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There are likely more good times ahead, since China's Internet market is growing at a fast clip: according to iResearch, the number of Internet search users in China is projected to grow at a compound annual growth rate of 27.5% from 2005 to 2007.
"This company has a growth opportunity that's going to be seen by investors as enormous," says Paul Bard, an analyst with Renaissance Capital LLC in Greenwich, Conn. "And I'm sure what people are going to say is, wow, this could be what Google was three years ago."
Even Google appears to think the company is a good investment: The U.S. search engine owns 2.6% of Baidu, according to Securities and Exchange Commission filings, and isn't listed among the entities that plan to sell their stakes in the IPO.
The IPO is to be underwritten by Goldman Sachs Group Inc.'s Goldman Sachs (Asia) LLC, Credit Suisse Group's Credit Suisse First Boston and Piper Jaffray Cos., and will trade in the form of American depositary shares on the Nasdaq Stock Market under the symbol BIDU.
Baidu is selling 3.7 million shares to the public, a 12% sliver of the 31.7 million shares that will be outstanding after the offering. The company's executives, directors, and venture-capital firms will continue to own substantial stakes in Baidu after it goes public.
(from The Wall St Journal)
Goldman Sachs is lead underwriter and it is expected to begin trading at $19-$20. Here is their website.
Update: August 1, 2021
In recent years Baidu has invested heavily in artificial intelligence (AI) and has become China’s leading AI company. This is described in CEO’s excellent 2020 book, which I highly recommend. For the current state of affairs see the seven minute video below.
Book: “Artificial Intelligence Revolution: How AI Will Change Our Society, Economy, And Culture” by Baidu CEO Robin Li
Video: “Baidu: How China Became The World Champion In AI”
Baidu Is No Longer A Search Engine Play, But An AI Bet
Baidu is invested heavily in AI search engines (obviously), autonomous vehicles, Baidu Brain and has a $2 billion AI chip subsidiary.
Self-driving vehicles: Message 33420466 Message 33420467
Baidu Brain: Message 33420592
Risk 1: China regulation: From tech to education investors-corner.bnpparibas-am.com
Risk 2: Chinese tech stocks slump as U.S. SEC begins rollout of law aimed at delisting mobile.reuters.com
Risk 3: Invest in China, but Without Illusions nytimes.com
AI in general:
For a comprehensive discussion of AI and AI companies in general, see the Artificial Intelligence, Robotics and Automation board moderated by my friend Glenn Petersen. Subject 59856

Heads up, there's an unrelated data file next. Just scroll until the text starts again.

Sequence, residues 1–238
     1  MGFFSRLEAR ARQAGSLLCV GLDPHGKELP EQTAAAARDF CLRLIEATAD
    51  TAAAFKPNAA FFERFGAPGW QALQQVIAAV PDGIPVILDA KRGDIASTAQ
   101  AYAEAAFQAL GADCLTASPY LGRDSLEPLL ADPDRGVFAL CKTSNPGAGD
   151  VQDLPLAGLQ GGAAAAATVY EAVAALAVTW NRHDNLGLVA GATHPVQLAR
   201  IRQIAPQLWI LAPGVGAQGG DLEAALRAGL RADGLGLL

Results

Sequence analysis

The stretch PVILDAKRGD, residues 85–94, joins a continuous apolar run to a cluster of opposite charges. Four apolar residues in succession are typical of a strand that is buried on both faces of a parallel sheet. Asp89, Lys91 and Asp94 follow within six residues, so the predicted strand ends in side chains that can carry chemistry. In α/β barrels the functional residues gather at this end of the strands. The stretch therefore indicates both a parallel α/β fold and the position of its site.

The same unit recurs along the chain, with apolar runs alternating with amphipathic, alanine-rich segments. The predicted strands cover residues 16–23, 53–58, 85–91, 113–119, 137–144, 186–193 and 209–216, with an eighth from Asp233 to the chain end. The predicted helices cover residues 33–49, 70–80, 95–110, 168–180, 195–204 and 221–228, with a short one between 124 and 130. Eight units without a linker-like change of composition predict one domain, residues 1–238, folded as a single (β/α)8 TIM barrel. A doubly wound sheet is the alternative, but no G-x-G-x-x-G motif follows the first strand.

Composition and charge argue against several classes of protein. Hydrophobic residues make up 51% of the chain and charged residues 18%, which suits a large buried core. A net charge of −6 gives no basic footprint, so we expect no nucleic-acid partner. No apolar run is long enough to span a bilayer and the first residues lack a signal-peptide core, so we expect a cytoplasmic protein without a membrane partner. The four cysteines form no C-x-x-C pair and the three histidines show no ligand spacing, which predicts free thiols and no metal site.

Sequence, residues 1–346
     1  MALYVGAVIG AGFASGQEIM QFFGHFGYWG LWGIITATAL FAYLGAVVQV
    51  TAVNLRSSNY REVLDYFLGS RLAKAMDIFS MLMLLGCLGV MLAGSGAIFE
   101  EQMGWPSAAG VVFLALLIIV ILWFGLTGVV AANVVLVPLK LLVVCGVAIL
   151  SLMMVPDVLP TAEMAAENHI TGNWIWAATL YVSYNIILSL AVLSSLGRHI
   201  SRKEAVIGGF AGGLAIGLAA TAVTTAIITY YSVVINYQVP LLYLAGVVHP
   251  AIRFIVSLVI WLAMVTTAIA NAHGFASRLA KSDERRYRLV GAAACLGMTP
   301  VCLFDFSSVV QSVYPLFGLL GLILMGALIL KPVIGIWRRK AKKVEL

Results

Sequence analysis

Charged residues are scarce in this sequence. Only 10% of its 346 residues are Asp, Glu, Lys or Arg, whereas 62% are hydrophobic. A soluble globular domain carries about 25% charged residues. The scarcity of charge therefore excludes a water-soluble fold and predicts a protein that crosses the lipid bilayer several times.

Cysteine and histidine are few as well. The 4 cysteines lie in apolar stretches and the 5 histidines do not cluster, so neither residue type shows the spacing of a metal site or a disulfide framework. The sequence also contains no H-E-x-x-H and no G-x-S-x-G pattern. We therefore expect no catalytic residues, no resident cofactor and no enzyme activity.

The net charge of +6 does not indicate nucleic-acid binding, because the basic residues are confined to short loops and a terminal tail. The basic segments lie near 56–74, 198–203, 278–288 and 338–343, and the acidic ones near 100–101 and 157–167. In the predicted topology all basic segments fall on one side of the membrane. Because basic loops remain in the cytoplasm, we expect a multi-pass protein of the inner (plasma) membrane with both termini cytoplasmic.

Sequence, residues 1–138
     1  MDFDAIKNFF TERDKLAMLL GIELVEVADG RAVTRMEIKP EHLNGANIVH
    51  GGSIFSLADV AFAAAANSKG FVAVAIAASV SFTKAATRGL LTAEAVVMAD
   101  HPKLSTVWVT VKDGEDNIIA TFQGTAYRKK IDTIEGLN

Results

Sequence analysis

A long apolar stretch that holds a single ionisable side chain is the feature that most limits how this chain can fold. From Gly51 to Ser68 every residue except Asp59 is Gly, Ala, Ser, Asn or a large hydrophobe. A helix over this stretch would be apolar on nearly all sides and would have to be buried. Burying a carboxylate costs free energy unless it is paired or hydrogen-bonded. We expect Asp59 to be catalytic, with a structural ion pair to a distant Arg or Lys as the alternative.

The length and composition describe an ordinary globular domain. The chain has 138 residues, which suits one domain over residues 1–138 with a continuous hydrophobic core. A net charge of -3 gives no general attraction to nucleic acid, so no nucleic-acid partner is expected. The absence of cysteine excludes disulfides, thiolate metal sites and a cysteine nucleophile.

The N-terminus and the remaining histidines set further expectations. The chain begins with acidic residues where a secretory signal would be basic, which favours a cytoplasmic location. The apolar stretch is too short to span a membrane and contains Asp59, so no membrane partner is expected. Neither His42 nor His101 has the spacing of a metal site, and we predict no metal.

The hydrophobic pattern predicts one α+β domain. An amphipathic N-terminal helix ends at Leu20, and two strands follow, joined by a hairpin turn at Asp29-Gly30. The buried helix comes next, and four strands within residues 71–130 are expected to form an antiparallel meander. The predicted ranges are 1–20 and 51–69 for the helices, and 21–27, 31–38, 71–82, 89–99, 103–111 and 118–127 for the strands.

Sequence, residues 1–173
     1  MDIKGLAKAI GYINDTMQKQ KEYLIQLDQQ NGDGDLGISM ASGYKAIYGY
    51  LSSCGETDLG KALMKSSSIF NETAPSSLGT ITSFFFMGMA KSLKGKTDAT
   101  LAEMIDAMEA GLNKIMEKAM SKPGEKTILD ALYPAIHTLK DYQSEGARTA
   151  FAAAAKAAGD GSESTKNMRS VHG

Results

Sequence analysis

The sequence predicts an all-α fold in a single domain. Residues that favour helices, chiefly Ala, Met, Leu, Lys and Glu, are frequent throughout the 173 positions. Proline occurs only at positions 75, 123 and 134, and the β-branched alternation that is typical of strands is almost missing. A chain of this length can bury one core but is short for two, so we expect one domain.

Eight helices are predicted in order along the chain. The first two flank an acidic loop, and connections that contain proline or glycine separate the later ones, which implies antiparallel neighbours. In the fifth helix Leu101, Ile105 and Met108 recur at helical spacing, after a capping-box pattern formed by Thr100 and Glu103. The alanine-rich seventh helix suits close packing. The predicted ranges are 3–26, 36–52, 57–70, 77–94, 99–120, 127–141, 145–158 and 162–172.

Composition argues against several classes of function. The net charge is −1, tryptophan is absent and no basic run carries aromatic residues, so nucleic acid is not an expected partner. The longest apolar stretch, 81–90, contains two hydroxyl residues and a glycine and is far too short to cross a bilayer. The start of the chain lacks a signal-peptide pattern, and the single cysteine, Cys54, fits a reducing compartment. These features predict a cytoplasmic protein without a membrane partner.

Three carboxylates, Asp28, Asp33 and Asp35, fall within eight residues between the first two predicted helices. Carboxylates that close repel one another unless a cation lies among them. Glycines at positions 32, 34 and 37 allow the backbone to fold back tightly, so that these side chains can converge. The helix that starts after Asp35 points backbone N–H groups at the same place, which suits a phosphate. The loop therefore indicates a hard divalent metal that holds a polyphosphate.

Modern AI is based on Deep Learning algorithms. Deep learning is a subset of machine learning, which is essentially a neural network with three or more layers. These neural networks attempt to simulate the behavior of the human brain—albeit far from matching its ability—allowing it to “learn” from large amounts of data.
Deep Learning algorithms for AI. The first one-hour video explains how this works. Amazingly, it is just least squares minimization of the neural network loss function using multi-dimensional Newton Raphson (gradient descent). See second one half hour video. Who thought Calculus would come in handy?
1. MIT Introduction to Deep Learning
2. Gradient Descent, Step-by-Step
Math Issues: Optimizing With Multiple Peaks Or Valleys
A problem with gradient descent optimization is that it can find minima of functions as well as maxima of functions. Worse, there can be multiple peaks and valleys, so more properly gradient descent finds local extrema. One is interested in machine learning, e.g., in global minima. This makes the problem considerably more difficult. This is particularly true since loss functions for deep learning neural networks can have millions or even billions of parameters.
Another problem has to do with the size of the data sets used to train deep learning neural networks, which can be huge. Since gradient descent is an iterative process, it becomes prohibitively time-consuming to evaluate the loss function at each and every data point, even with high-performance AI chips. This leads to stochastic gradient descent: the loss function is evaluated at a relatively small random sample of the data at each iterative step.
Stochastic Gradient Descent:
Recent Earnings History:
Further updates will be provided as deemed necessary.
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